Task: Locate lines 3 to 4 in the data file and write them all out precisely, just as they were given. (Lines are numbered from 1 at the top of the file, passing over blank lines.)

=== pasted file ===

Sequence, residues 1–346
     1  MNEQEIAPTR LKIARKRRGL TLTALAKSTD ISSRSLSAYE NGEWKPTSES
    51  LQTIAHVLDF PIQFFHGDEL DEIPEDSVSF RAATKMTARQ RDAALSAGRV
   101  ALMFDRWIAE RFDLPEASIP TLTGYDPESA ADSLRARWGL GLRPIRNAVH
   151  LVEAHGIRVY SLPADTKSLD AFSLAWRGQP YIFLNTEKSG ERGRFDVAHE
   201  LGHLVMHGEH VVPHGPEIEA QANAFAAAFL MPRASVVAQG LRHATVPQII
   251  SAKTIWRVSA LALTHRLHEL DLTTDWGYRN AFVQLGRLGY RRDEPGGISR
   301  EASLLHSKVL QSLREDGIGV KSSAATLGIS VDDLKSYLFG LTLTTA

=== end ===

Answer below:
    51  LQTIAHVLDF PIQFFHGDEL DEIPEDSVSF RAATKMTARQ RDAALSAGRV
   101  ALMFDRWIAE RFDLPEASIP TLTGYDPESA ADSLRARWGL GLRPIRNAVH